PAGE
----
Cambodia’s Magawa, The ‘Hero Rat’ Who Found Over 100 Landmines, Dies Aged 8

During his five-year career, Magawa found over 100 landmines and other explosives, making him Apopo's most successful hero rat to date.

Updated: January 12, 2022 3:47 PM IST

By Trending Desk | Edited by Ritu Singh

Magawa, The 'Hero Rat' Who Found Over 100 Landmines, Dies Aged 8
Magawa, The 'Hero Rat' Who Found Over 100 Landmines, Dies Aged 8

Viral News: Magawa, the mine-sniffing hero rat who won a gold medal for his mine-detection work in Cambodia, has died at the age of eight. According to a CNN report, African giant pouched rats found more than 100 landmines and other explosives during his service. He also became the first rat to be awarded the UK’s PDSA Gold Medal, which is the animal equivalent of the George Cross.

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Announcing the news on Tuesday, APOPO, APOPO, the mine-clearing non-governmental organization said: “It is with a heavy heart that we share the sad news that HeroRAT Magawa passed away peacefully this weekend. Magawa was in good health and spent most of last week playing with his usual enthusiasm, but towards the weekend he started to slow down, napping more and showing less interest in food in his last days. Magawa had recently celebrated his birthday in November, reaching the grand old age of 8.”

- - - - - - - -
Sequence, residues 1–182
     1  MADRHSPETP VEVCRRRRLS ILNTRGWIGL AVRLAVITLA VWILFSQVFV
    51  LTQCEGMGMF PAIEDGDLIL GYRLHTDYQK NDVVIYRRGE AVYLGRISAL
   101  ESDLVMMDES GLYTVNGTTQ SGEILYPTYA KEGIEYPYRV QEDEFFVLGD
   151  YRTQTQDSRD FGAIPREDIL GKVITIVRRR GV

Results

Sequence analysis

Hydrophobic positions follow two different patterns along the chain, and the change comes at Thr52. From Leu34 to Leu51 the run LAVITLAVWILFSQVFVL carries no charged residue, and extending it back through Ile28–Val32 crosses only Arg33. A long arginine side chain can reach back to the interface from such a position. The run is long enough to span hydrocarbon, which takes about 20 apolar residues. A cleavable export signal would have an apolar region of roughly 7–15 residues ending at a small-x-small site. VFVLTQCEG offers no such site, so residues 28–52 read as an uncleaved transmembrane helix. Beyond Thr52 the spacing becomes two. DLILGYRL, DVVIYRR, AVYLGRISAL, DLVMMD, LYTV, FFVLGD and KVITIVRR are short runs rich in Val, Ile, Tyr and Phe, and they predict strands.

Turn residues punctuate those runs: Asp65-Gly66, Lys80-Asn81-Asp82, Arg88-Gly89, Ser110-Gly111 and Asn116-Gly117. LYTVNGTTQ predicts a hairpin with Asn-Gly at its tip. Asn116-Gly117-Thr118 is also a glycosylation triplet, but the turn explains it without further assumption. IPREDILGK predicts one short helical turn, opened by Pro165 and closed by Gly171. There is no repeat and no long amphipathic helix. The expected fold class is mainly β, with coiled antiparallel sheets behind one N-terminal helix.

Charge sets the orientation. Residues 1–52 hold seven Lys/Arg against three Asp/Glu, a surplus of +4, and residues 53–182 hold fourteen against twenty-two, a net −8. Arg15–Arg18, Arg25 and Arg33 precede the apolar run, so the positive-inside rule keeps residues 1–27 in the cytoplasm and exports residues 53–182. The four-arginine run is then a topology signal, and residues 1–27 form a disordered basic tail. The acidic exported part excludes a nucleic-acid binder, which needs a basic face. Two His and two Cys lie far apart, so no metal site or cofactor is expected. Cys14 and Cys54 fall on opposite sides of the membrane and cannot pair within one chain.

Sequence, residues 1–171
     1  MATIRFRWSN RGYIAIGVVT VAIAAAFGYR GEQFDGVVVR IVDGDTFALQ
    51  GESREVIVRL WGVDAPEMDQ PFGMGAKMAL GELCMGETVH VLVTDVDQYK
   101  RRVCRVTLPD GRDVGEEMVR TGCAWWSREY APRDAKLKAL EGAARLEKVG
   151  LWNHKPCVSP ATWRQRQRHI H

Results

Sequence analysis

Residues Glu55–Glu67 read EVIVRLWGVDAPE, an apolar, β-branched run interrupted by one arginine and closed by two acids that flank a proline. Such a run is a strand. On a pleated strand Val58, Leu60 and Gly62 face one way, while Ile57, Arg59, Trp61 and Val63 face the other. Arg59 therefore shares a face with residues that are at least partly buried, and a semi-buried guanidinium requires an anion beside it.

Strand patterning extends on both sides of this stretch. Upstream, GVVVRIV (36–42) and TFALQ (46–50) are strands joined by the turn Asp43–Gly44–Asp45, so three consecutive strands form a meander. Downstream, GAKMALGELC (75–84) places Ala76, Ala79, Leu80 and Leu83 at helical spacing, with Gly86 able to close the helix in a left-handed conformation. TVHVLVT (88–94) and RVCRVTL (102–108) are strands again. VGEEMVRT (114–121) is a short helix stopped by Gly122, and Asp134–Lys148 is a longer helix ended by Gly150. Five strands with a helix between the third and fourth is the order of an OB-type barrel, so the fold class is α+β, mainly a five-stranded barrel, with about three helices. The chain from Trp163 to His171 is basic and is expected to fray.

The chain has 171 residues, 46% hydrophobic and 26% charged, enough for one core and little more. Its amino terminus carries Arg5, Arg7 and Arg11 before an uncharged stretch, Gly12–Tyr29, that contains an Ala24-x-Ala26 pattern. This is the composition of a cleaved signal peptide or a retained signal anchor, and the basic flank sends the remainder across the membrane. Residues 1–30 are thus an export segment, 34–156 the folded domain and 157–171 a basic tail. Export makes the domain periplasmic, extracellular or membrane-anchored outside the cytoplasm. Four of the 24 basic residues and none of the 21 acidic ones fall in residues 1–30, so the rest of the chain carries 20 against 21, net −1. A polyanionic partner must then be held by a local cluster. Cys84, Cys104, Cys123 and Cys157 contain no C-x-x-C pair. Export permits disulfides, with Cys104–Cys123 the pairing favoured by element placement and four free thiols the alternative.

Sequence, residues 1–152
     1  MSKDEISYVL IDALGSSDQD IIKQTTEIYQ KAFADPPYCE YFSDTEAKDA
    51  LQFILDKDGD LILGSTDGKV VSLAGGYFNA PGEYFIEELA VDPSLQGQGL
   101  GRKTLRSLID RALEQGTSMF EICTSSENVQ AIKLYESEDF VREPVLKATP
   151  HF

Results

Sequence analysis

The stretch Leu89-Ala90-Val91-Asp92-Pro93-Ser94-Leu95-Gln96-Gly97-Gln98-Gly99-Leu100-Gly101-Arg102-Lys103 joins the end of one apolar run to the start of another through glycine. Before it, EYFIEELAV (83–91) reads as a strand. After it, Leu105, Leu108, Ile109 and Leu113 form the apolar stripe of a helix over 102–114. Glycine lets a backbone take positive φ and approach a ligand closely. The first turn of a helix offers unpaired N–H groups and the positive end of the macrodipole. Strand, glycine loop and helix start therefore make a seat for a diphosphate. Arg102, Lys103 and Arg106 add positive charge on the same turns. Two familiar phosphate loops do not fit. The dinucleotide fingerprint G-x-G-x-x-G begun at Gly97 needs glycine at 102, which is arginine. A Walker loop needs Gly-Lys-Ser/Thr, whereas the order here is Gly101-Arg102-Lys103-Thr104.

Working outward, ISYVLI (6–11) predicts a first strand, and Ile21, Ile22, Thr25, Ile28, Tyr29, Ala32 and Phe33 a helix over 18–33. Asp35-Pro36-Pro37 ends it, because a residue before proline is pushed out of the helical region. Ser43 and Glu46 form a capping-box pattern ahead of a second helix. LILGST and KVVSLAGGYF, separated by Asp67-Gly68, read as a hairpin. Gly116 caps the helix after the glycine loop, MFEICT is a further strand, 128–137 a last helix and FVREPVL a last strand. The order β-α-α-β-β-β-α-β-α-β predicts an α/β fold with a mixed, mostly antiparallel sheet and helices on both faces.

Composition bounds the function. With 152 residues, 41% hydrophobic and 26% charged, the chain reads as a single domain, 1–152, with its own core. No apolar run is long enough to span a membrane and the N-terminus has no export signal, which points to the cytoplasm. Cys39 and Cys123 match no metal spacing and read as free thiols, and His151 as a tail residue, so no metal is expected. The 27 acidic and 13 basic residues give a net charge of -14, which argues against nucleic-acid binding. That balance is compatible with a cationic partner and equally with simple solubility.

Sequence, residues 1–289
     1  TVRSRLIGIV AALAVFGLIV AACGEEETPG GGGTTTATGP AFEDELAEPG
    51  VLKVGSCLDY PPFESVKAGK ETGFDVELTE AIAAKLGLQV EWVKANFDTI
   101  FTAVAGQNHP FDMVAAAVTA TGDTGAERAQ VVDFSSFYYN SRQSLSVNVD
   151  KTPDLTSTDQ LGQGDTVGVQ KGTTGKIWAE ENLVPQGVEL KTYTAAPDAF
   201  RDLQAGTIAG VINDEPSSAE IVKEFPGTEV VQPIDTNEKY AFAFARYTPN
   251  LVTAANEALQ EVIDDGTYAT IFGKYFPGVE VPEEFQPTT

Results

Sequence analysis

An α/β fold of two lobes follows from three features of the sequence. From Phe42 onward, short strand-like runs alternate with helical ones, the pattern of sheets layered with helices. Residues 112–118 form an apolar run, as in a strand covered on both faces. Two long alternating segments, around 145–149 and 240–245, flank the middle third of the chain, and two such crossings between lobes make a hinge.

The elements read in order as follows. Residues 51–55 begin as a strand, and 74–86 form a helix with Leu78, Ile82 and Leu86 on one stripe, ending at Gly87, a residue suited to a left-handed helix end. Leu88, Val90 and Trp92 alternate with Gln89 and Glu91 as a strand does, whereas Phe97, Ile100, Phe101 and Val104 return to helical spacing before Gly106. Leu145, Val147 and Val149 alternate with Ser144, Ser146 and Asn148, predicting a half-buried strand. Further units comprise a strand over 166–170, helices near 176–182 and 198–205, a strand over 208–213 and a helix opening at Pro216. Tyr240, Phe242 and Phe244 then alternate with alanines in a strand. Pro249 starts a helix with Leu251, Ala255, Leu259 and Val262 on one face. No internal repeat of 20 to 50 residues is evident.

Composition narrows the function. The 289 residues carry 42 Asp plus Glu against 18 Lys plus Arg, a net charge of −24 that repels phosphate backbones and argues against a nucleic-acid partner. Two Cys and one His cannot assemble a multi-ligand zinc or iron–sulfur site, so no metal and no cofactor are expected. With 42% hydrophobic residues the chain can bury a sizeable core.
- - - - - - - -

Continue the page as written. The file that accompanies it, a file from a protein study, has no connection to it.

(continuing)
During his five-year career, Magawa found over 100 landmines and other explosives, making him Apopo’s most successful hero rat to date, the release said. He managed to clear more than 225,000sq m of land – the equivalent of about 31 football pitches – and discovered 71 landmines and 38 items of unexploded ordnance, the charity previously said.

“All of us at APOPO are feeling the loss of Magawa and we are grateful for the incredible work he’s done,” the organisation said in a heartfelt tribute. “His contribution allows communities in Cambodia to live, work and play, without fear of losing life or limb.”

The rat was born and trained in Tanzania before his move to Cambodia in 2016. According to APOPO, rats’ intelligence and keen sense of smell, combined with their weight, which is too light to set off landmines, makes them ideal for the task. Notably, Cambodia is one of the world’s most heavily landmined countries, with more than 1,000 sq km of land still contaminated. The country has among the highest number of amputees per capita, with more than 40,000 people having lost limbs to explosives, Reuters reported.

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Published Date: January 12, 2022 3:45 PM IST

Updated Date: January 12, 2022 3:47 PM IST